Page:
In 2006, they got a reply to one of the letters, sold their house and bought the one in Copenhaver. “If you know exactly what you want and where you want to be,” it works, he said. “After we had four kids, Copenhaver started looking better and better.”

At the time, both sets of grandparents were living in the neighborhood, and the Rejevichs wanted their children to get to know them, he said.

Living there: Bounded roughly by Falls Road to the east, Copenhaver Drive to the south, Falls Chapel Way and Exchange Court to the west and Wooden Bridge Road and Cold Spring Road to the north, Copenhaver was developed beginning in the late 1960s through the early 1970s.

in-potomac-md-a-nineacre-park-anchors-coveted-copenhaver photo 3
Situated off Falls Road on former farmland that was developed in the late 1960s and early 1970s, Copenhaver is a car-oriented neighborhood with a nine-acre park at the center of it. (Justin T. Gellerson/For The Washington Post)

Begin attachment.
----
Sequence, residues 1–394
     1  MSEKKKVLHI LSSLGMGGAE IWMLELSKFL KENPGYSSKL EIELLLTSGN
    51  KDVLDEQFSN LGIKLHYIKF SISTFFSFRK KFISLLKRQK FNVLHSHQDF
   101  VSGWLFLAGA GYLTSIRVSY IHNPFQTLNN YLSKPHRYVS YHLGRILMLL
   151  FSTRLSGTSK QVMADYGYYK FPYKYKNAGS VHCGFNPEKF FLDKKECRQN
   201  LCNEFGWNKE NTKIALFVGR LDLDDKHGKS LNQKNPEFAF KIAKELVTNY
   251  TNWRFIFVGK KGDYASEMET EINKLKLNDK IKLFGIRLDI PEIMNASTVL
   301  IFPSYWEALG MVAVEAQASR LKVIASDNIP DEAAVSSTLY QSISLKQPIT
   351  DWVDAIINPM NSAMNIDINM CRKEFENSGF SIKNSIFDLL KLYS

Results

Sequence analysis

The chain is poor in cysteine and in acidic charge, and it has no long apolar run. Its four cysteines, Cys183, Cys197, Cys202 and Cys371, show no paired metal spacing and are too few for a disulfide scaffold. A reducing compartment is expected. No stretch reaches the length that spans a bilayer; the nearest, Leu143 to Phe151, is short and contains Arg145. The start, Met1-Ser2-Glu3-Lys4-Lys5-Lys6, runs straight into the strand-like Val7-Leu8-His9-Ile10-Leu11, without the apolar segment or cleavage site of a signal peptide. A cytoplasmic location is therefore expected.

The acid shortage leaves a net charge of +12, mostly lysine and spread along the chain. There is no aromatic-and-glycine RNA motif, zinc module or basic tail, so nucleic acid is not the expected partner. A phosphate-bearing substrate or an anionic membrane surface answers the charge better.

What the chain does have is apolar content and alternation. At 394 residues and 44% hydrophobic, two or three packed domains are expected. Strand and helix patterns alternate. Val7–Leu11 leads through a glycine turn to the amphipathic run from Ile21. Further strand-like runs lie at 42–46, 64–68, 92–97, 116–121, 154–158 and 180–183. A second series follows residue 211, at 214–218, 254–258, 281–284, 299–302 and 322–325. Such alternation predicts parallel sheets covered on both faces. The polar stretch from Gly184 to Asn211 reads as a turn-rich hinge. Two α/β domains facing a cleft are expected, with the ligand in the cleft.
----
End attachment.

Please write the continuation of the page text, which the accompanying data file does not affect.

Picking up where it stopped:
According to Eric Stewart, a real estate agent with Long & Foster, 11 homes have sold in Copenhaver in the past year, ranging from a four-bedroom, three-bath home for $740,000 to a six-bedroom, five-bath house for $1.125 million.

One house is on the market: a six-bedroom, four-bath residence for $949,000.

Shopping: Three shopping centers are within a few minutes’ drive of Copenhaver. They include the Cabin John Shopping Center and Potomac Woods Plaza. Other shops and restaurants at Park Potomac are near the intersection of Seven Locks Road and Cadbury Avenue. Potomac Village, with shopping and restaurants, is at the intersection of Falls and River roads.

Transit: Largely a car-oriented suburb, Copenhaver can be reached via the T2 Metro bus that runs along Falls Road.

Schools: Cold Spring Elementary, Cabin John Middle and Wootton High.

Crime: In the past 12 months, according to the LexisNexis Community Crime Map, no crime was reported in Copenhaver.

...Read more
Share this

You might also like

Similar